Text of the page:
5. Massa said the plan was that both Ferraris were to do at least 15 laps on that set of tires. Alonso’s tires were going off quickly so he came in early and got a clear lap to move ahead of Vettel. When Massa took the lead he still had a couple laps in hand but within a lap they could see that every one else was faster on new tires so he came in one lap early, 14 laps on the tires, but had lost position to the others.

    6. Red Rider says:

      Good point. Was the error/decision at the driver, engineer, or team level? If at the team level, was it a conscious manipulation?
      Was Alonso called in? Did he decide himself suddenly? How do the two sides of the garage coordinate this? There’s only one pit crew.

    7. Anne says:

      I read in Autosport that Massa said it was an strategic gamble from Alonso´s part. Alonso thought it could work and it did. While Massa or Smedley or both thought that pitting earlier wouldn´t work.

      1. lalonso says:

        Why do some of us pretend that hierarchy doesn’t exist within teams? if any team has made it clear that it exists, its ferrari of the last few years. Which i’m fine with, and didnt f1 administrators pull the ban on it recently?
        Having said that, in this instance, i don’t think it was a case of the team strategically enforcing the hierarchy on the pitstop; they could have had ALO pass MAS in race in the first few laps, they were close enough, and i actually thot they would.
        However it is a good point made, would the team allow MAS to pit where he may inadvertently undercut ALO, that’s probably a no

  4. Mark says:

    From Lap 2, seeing Kimi keep up with the front 3 made it obvious that Lotus has a good car for this year. Just hope they can keep up with the development throughout the year.

    As for Mclaren, just wondering why the big change??? Saying there’s a bigger rrom for development but look at the others, Lotus, Ferrari and even Mercedes made a huge progress.

    I just can’t understand the change of front suspension as Ferrari found it hard last year to master. Mclaren Being 2 sec. off the pace, it is a massive disadvantage and it might be late if they get their act together.

    1. Wayne says:

      Yeah I wondered about that too – if the other teams managed to evolve last year’s car how come McLaren claim they could not manage that? McLaren are strongest when evolving as their in season development rate usually demonstrates so it’s doubly confusing.

      McLaren will develop incredibly well during the season at at some point will have the fastest car for x period of races but will it be too late by then? Their only hope is that a lot of different drivers win the early races spreading out the points until they can move to the fore……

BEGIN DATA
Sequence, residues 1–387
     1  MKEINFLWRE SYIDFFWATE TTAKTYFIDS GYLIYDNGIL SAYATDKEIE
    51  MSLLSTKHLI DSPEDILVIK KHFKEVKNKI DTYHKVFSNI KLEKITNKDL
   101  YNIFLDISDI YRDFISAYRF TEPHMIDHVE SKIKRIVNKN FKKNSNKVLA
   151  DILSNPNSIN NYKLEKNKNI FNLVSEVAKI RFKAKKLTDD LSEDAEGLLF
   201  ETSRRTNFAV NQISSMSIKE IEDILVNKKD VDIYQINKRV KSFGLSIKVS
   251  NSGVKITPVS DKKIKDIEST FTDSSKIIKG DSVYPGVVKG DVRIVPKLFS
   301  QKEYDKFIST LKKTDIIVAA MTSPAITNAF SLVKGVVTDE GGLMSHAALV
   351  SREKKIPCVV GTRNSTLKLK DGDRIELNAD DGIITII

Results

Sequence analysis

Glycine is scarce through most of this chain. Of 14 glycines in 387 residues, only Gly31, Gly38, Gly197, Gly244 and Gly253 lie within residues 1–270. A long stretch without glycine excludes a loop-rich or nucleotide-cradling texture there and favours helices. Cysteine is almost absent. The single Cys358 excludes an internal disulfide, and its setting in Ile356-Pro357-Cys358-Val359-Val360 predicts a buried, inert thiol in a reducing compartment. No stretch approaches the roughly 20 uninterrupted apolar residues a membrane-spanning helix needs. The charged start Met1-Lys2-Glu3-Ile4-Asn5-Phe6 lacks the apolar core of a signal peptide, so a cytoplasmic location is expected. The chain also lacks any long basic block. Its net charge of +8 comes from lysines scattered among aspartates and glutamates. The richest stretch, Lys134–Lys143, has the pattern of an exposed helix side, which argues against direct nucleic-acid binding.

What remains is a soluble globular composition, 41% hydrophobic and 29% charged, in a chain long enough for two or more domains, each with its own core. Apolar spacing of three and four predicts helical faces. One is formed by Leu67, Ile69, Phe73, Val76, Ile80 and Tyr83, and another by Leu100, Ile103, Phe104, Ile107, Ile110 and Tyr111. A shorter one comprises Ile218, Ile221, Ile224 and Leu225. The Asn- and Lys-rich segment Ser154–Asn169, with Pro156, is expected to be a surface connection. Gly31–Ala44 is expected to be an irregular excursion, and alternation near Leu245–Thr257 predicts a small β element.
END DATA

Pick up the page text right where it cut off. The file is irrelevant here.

They also have a qualy issue this year, HAM was usually a few tenths faster than JB in qualy and he has been replced by a driver who will probably usually be a few tenths slower than JB. That could cost around 5 grid slots on average in a tightly packed field. I don;t buy into the Perez buzz, I didn;t last year and I don’t now. Happy to be wrong, though, the more ‘top’ drivers the better!

      1. Chris says:

        Can’t help thinking Lewis would have forced more out of the car!!

      2. Quade says:

        Perez only seemed fast at the beginning of the year, because of the early season tyre lottery. Now that the teams can do a better job from the very beginning, we can see that Perez is no faster than average.
        To his credit though, he did a slightly better job than Jenson yesterday.

        Perez: start position – 15.
        Perez: finish position – 11 (+4).
        Jenson: finish position – 10.
        Jenson: finish position – 9 (+1).

      3. jph2812 says:

        how do you work that out perez started behind JB and finished behind JB. it about where you finish not how many cars you over take

      4. Wayne says:

        Not convinced that means Perez Did better than JB – JB started further up the field so the cars he had to pass would, necessarily, be faster. Perez was passing lower midfield cars while JB had to pass upper midfield cars….

        Agree with the rest of your observations about Perez last year though.

      5. Andrew M says:

        That’s not really representative, Perez started outside the top 10 and therefore had the (in my opinion unfair) advantage of starting on fresh tyres.

      6. Ani says:

        Well mate, Perez overtook only two cars because Nico Hulkenberg never started and Rosberg retired. If he was running behind Maldonado at lap 25,then he overtook only one car.

      7. James Clayton says:

        To be fair to Jenson, he started on chewed up tyres where as Perez started on fresh ones…

      8. Persi says:

        I like McLaren but don’t buy into the Perez hype either.

      9. Mark says:

        Really weird why Mclaren felt such a big change was needed??? To be 2 sec. off the pace is something very hard to overhaul.

        Doubly confusing since they are great at evolving their car. As for Perez, only time will tell but I also think he’s still a bit behind Jenson. Being good with tires, a driver still needs a good car for them to show what they can do. With this Mclaren now, no matter how smooth or good you are with tires, there’s no way for a driver to show what he can do.

    2. abashrawi says:

      I think they want to start a new direction. Last year, it was HAM/BUT. This year, HAM is out and current drivers share nothing with his driving style.